Motor racing in Switzerland

Motor racing has been banned in Switzerland since the Road Traffic Act of December 1958. This was as a result of the Le Mans disaster in 1955 when around 80 people were killed when a Mercedes-Benz sports car crashed into the crowd during the Le Mans 24 Hours.

Article 52 of the law states that circuit racing is forbidden although the Federal Council is allowed to authorise exceptions if they consider the events to be safe. The law means that there can be hillclimbs and slaloms as cars are not competing directly against one another and in the 1960s there were some major hillclimb events, notably on the Ollon-Villars and Sierra Montana-Crans courses which hosted what were known as the Swiss Mountain Grand Prix. The entries included F1 drivers of the era.

In recent years there have been signs that change may be afoot. In 1998 the Grand Prix of Berne was revived on what is left of the old Bremgarten circuit. This event - which is held every three years - is for historic cars and features "demonstration runs" rather than actual races. The circuit, which was first used in the late 1920s, was a major Grand Prix venues throughout the 1930s with the winners including Rudi Caracciola for Mercedes (1935, 1937 and 1938), Alberto Ascari for Ferrari (1949 and 1953) and Juan Manuel Fangio (1951 and 1954). There have been a couple of Swiss GPs since 1955 but these have had to be held at the Dijon circuit in France.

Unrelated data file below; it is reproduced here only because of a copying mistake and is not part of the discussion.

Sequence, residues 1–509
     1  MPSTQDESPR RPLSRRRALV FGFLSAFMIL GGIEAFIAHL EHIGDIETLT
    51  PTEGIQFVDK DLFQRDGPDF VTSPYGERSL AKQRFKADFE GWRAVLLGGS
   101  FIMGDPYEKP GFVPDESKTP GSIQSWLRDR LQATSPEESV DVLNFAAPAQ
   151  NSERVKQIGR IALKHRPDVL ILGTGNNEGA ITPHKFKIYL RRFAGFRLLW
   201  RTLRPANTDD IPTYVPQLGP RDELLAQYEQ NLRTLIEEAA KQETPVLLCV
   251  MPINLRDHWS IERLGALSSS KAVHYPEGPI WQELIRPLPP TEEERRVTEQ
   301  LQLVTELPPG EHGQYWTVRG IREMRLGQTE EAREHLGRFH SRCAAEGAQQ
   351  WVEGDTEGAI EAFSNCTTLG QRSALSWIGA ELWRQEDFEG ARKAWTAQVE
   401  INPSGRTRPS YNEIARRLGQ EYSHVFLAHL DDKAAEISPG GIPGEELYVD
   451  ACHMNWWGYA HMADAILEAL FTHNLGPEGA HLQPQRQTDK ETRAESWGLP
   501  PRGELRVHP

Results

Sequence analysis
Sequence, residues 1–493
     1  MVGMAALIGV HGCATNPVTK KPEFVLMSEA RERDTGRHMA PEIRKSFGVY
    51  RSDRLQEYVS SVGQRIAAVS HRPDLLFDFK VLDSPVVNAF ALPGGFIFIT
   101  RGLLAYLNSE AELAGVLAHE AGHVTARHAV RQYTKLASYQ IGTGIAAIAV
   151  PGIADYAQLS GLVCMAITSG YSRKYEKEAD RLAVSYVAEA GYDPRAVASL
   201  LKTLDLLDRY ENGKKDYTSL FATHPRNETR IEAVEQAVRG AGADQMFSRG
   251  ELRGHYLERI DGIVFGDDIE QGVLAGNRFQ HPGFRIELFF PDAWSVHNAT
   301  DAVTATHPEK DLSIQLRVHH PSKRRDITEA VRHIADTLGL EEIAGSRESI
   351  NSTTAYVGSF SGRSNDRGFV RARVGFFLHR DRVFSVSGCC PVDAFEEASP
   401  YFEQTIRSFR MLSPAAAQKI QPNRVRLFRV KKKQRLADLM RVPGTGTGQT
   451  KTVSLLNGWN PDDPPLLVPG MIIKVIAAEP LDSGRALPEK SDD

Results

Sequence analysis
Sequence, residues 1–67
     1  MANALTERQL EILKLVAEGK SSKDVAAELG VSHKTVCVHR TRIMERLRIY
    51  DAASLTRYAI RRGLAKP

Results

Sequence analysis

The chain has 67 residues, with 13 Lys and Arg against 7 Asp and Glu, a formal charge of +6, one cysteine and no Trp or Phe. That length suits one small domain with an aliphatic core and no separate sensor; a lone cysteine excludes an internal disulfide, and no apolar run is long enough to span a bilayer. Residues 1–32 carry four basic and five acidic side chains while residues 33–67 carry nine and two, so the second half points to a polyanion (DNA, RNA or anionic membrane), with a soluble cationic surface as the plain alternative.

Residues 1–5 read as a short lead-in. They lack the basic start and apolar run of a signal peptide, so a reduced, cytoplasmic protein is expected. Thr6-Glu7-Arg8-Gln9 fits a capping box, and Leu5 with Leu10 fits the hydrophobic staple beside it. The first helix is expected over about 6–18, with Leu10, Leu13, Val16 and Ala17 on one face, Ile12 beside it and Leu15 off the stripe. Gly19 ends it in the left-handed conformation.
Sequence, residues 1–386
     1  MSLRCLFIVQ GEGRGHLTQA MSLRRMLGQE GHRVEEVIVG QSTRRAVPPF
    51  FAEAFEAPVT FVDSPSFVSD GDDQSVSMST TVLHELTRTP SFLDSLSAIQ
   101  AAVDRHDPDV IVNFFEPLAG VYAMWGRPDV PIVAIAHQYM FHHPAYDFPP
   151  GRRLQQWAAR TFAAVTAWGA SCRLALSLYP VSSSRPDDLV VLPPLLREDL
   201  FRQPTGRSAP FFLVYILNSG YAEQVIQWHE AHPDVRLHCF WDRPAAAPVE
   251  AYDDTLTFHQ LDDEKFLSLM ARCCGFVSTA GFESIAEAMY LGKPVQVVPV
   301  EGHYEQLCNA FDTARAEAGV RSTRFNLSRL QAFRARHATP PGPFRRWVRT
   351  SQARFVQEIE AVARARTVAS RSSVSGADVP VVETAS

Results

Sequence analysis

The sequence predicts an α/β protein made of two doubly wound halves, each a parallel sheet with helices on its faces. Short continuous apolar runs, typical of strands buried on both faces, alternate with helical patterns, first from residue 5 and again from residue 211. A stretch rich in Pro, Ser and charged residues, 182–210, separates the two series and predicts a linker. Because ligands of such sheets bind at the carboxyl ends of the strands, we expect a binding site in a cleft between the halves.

It seems that there are now plans for legislation to be put to the Federal Council to allow motor racing competitions in Switzerland. For this to happen there would have to be a new circuit built as the only existing facility is a tiny racing circuit built at Lignieres, on a mountain plateau in the Jura, near Neufchatel. The Centre de Pilotage Lignieres is less than a mile in length, was built in the 1960s in the hope that the government would change its attitude to racing but it went out of business in 1998.

The incentive for building a racing circuit in Switzerland could be to allow races with tobacco advertising to go on after the European Union ban in 2005. However as the FIA is still committed to ending all tobacco sponsorship in 2006 there is little point in this argument.

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